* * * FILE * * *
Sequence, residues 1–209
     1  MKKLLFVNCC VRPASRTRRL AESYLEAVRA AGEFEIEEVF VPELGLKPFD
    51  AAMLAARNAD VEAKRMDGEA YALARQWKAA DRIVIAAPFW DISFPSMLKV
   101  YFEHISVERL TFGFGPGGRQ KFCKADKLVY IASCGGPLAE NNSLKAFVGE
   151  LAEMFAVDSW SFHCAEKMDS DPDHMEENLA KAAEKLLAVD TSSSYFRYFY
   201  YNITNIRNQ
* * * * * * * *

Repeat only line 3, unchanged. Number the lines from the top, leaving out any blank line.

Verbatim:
    51  AAMLAARNAD VEAKRMDGEA YALARQWKAA DRIVIAAPFW DISFPSMLKV